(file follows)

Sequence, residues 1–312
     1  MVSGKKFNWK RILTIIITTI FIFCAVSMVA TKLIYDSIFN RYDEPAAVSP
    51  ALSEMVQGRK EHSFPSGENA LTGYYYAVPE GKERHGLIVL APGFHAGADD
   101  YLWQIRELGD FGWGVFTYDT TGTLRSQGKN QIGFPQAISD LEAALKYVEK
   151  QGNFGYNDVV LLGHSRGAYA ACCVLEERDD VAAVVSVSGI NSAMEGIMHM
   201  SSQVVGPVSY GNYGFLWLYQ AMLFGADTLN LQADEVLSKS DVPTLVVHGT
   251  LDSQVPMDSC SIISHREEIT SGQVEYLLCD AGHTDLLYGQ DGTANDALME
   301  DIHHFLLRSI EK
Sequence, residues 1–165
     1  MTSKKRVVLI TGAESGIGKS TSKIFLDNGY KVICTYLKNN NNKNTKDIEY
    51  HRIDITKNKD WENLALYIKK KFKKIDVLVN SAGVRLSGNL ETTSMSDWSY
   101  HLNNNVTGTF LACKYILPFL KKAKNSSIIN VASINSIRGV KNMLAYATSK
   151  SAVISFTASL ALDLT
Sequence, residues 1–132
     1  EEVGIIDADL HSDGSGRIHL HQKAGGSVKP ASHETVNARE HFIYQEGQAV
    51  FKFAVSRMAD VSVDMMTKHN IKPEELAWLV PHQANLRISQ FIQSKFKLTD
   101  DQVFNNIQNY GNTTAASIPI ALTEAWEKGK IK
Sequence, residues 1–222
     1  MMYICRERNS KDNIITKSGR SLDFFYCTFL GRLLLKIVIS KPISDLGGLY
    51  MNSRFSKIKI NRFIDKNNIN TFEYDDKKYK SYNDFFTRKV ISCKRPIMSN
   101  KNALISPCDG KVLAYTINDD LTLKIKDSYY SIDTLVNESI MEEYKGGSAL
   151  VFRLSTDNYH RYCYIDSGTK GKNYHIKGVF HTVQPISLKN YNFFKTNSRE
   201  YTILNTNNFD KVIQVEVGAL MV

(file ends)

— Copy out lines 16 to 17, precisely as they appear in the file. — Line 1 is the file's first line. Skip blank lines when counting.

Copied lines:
    51  FKFAVSRMAD VSVDMMTKHN IKPEELAWLV PHQANLRISQ FIQSKFKLTD
   101  DQVFNNIQNY GNTTAASIPI ALTEAWEKGK IK